# Year 6

## Number and Algebra

### Decimals

The word decimal comes from the Latin word decem meaning 'ten'. Decimal notation is a useful way of writing fractions with a denominator of ten, one hundred, one thousand and so on. For example, \(\dfrac{7}{10}\) is written as 0.7, 8 \(\dfrac{3}{100}\) is written as 8.03 and \(\dfrac{395}{1000}\) is written as 0.395.

We use a base-10 number system. When we write numbers, each place tells us about the value of the digit. For example:

\(12.3456 = 1 \times 10 + 2 \times 1 + 3 \times \dfrac{1}{10} + 4 \times \dfrac{1}{100} + 5 \times \dfrac{1}{1000} + 6 \times \dfrac{1}{10000}\)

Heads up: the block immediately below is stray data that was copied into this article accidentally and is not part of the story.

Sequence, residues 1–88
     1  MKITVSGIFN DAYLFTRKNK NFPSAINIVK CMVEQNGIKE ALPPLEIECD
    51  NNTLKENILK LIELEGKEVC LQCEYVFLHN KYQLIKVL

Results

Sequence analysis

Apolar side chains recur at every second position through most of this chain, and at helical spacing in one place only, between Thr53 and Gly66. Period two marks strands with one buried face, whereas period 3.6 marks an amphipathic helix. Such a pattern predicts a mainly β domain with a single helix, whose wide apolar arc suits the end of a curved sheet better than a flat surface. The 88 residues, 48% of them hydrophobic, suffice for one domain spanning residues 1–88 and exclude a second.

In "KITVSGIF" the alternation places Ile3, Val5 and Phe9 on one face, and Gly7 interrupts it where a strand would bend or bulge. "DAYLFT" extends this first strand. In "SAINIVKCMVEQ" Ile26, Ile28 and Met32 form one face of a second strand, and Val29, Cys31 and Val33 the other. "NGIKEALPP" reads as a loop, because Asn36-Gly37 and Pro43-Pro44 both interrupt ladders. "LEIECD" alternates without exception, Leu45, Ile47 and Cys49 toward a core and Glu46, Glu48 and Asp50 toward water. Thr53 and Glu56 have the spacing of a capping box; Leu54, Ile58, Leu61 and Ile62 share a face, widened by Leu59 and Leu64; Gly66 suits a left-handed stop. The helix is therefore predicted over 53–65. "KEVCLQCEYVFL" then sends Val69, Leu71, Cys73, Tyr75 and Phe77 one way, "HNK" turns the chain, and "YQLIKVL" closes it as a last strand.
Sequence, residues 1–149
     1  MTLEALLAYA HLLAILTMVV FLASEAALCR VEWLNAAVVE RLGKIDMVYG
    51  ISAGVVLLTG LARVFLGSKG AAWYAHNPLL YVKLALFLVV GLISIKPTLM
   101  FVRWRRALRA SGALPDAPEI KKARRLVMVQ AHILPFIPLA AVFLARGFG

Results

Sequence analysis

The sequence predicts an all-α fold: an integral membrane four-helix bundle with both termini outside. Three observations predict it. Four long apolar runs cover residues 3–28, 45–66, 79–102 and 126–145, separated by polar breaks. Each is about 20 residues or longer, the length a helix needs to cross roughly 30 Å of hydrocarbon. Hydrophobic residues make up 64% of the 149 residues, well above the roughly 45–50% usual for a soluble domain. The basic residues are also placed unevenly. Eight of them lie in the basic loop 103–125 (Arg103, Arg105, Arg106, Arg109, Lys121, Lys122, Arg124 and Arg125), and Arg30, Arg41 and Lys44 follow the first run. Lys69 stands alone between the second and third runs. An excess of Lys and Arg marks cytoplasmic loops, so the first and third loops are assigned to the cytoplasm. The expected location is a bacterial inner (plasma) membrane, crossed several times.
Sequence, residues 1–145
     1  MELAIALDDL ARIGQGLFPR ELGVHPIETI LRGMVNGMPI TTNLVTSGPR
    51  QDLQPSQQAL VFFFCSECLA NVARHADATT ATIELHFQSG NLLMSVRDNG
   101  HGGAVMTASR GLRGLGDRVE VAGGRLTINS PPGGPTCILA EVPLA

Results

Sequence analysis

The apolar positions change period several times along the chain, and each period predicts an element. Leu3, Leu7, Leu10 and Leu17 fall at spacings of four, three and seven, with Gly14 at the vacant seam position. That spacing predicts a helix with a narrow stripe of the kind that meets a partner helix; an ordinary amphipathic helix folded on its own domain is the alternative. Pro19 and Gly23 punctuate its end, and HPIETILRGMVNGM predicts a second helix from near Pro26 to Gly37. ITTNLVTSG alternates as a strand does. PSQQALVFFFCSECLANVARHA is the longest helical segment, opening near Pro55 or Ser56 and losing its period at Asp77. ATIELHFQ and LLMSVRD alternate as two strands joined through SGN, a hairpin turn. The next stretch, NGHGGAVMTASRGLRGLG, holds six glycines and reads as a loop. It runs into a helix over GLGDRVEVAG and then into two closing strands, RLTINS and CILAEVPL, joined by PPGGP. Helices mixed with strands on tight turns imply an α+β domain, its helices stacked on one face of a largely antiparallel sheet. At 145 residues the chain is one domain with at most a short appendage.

We can write 12.3456 in a place value chart to show the value of each place.

Tens | Ones | tenths | hundredths | thousandths | tens of thousandths |
---|---|---|---|---|---|

1 | 2. | 3 | 4 | 5 | 6 |

We use a decimal separator, known as a decimal point, to distinguish between the whole number and fractional parts. To the left of the decimal point are the whole number parts: ones, tens, hundreds, thousands and so on. To the right of the decimal point are the fractional parts: tenths, hundredths, thousandths and so on.

We use decimals every day in the world around us. Our money is based on a decimal system. We also use decimals in measurements such the height of the students in the class, the litres of petrol we put in our cars and the weight of parcels we send overseas. We can use decimals to express a number that requires a great deal of accuracy – the difference between the first and second place-getters in the 100-metre hurdles in the Olympic Games can be down to thousandths of a second!